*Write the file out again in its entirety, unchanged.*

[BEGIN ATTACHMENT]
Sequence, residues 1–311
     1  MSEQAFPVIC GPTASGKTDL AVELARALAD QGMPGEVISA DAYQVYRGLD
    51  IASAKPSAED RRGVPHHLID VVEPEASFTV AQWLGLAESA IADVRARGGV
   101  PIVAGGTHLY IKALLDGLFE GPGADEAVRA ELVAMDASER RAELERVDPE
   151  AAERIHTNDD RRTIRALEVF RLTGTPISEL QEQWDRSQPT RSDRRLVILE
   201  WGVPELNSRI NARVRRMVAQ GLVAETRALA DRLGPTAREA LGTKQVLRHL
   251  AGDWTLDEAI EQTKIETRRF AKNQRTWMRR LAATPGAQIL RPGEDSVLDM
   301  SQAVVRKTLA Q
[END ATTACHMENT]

Sequence, residues 1–311
     1  MSEQAFPVIC GPTASGKTDL AVELARALAD QGMPGEVISA DAYQVYRGLD
    51  IASAKPSAED RRGVPHHLID VVEPEASFTV AQWLGLAESA IADVRARGGV
   101  PIVAGGTHLY IKALLDGLFE GPGADEAVRA ELVAMDASER RAELERVDPE
   151  AAERIHTNDD RRTIRALEVF RLTGTPISEL QEQWDRSQPT RSDRRLVILE
   201  WGVPELNSRI NARVRRMVAQ GLVAETRALA DRLGPTAREA LGTKQVLRHL
   251  AGDWTLDEAI EQTKIETRRF AKNQRTWMRR LAATPGAQIL RPGEDSVLDM
   301  SQAVVRKTLA Q